Managing Multiple Water Sources: Why The Water You Use To Brew Matters


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[T]his can’t be my coffee,” I thought as heart palpitations began to set in. In a few short hours, I was due to take the stage in the first round of the United States Barista Championship (USBC), and I was mortified. 

In a competition built around accurately describing a coffee’s flavor, my espresso was nothing like my carefully rehearsed tasting notes. The red cherry acidity was muted, and in the finish, I tasted a never-before-encountered flavor in our typically light-roasted espresso: ash. I began changing parameters and tried every barista trick in the book. Whether it was a faster, shorter, slower, or longer shot, I couldn’t recreate the flavor profile I had fallen in love with in our lab.

In the midst of all of my preparation, I had failed to account for one variable: water. 

Water, Water Everywhere

You might think all water is the same, but the composition of water changes depending on where you live. Because most coffee drinks are primarily water, governing boards like World Coffee Events (WCE), which is in charge of hosting the USBC, have mandated water specifications. For USBC, competitors must use a water recipe of 150 ppm TDS (parts per million of total dissolved solids), which was over twice the hardness of our lab’s reverse osmosis settings.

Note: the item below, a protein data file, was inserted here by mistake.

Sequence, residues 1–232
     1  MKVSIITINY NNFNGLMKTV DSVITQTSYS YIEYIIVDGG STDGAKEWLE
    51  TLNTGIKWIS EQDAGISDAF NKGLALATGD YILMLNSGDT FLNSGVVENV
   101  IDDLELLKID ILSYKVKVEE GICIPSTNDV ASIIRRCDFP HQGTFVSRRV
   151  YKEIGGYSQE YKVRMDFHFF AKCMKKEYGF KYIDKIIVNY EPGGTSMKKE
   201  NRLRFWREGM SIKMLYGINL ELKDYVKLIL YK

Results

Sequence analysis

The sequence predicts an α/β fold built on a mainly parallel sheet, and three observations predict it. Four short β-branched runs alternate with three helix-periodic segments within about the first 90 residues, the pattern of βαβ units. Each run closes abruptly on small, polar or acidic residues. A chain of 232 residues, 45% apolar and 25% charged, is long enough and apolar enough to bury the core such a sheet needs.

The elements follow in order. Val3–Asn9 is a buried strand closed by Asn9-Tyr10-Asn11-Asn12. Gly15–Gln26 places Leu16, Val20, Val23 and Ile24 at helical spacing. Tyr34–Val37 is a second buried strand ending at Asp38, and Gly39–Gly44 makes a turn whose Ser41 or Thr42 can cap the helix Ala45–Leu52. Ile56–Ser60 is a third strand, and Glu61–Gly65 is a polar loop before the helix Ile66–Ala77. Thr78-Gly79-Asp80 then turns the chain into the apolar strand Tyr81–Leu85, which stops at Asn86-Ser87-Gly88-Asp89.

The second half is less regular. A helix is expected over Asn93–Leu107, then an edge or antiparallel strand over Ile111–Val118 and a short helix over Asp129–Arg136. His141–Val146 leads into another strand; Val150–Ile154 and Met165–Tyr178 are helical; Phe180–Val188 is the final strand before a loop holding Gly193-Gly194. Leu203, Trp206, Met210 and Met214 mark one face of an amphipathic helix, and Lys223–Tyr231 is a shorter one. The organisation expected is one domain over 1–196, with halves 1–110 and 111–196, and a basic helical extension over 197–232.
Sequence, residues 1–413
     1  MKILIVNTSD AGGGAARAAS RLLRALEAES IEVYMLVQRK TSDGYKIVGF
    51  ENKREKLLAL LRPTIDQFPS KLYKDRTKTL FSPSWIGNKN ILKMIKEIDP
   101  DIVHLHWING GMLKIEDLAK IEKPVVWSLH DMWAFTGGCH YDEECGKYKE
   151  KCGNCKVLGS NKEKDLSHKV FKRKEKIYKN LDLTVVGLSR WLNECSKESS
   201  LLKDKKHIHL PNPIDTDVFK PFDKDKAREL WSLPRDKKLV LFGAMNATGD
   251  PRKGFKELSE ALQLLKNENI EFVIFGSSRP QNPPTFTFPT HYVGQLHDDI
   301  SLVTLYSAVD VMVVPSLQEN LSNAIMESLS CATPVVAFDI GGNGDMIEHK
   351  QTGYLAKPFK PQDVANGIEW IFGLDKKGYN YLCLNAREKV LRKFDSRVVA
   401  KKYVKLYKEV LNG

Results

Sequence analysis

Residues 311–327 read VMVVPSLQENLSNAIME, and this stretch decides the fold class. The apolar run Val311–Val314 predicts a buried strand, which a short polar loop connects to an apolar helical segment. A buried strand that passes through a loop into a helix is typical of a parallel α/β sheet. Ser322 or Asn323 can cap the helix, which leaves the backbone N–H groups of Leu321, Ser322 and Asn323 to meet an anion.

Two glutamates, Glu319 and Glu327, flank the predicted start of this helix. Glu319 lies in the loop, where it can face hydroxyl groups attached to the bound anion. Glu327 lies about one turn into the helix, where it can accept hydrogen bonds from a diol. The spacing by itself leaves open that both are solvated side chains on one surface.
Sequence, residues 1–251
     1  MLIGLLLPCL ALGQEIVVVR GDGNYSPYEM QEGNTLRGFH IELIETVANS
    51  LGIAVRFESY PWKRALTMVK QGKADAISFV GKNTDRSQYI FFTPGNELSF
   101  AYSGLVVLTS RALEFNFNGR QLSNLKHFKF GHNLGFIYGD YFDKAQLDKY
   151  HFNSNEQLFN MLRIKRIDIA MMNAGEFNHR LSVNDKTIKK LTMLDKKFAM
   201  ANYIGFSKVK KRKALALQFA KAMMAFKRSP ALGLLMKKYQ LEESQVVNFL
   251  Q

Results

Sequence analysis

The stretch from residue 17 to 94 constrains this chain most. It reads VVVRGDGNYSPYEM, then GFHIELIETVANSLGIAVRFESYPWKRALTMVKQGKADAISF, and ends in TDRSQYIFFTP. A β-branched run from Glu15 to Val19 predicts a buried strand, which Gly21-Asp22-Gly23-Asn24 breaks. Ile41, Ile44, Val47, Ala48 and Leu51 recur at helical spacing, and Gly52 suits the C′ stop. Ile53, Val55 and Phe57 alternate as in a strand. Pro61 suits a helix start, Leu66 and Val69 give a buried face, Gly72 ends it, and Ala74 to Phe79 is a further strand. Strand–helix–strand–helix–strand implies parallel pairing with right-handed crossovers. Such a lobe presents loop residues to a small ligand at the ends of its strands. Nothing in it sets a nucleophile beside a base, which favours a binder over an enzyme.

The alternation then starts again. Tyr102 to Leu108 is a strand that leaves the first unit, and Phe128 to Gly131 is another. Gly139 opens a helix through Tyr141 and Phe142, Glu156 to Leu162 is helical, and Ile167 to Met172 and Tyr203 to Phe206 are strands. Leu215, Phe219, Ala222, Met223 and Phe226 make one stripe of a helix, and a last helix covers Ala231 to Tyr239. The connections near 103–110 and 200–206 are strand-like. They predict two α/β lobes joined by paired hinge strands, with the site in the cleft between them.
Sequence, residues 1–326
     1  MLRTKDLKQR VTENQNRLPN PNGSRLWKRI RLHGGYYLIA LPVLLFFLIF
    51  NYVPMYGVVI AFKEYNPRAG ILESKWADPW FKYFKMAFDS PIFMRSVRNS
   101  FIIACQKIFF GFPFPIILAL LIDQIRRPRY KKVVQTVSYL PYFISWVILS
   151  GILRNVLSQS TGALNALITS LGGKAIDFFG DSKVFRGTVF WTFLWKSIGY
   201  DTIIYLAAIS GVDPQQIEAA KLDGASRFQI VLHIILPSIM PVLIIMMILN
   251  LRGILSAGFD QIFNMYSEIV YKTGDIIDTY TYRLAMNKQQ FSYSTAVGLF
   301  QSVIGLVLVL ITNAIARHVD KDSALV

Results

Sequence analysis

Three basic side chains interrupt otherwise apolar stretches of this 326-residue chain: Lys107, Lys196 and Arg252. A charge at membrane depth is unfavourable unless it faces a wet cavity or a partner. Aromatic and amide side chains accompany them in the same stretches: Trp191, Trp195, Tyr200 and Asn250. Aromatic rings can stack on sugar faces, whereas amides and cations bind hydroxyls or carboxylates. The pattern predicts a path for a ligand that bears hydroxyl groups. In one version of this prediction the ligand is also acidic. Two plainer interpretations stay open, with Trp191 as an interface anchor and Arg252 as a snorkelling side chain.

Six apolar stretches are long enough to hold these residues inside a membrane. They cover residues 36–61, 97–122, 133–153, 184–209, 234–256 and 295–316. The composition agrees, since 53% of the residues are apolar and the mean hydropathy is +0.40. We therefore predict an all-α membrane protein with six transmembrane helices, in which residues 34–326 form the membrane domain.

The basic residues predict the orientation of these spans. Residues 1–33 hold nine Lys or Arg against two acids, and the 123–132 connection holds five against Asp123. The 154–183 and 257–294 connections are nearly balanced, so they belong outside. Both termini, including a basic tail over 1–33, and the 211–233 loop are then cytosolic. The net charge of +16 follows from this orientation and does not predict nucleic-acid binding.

The different chemical makeup of the water affected both the extraction and perception of flavor. As Maxwell Colonna-Dashwood and Christopher Hendon explain in their seminal book Water for Coffee, minerals like calcium and magnesium bind with soluble coffee particles during brewing, aiding extraction. On the other hand, bicarbonate acts as a buffer, neutralizing the acids. Thus the roast that tasted bright and fruity with our softer, reverse osmosis water tasted dull and flat with high mineral water at the USBC. The recipe that produced optimal extraction at home yielded a product that was undesirable when brewed with water that included a much higher content of dissolved minerals.

In other words, I discovered firsthand what Colonna-Dashwood would later tell me in an interview. “The problem is that coffee is roasted to water,” says Colonna-Dashwood. “For example, in a soft-water area, a roaster will tweak a coffee during the roasting process to create the most positive results. If you were to then take this coffee and brew it with water in an ideal range [as opposed to the soft water you’re used to], it might produce a worse result.” Incidentally, my friend and fellow competitor Cole McBride recreated WCE’s water recipe during training for USBC, and he came in second that year.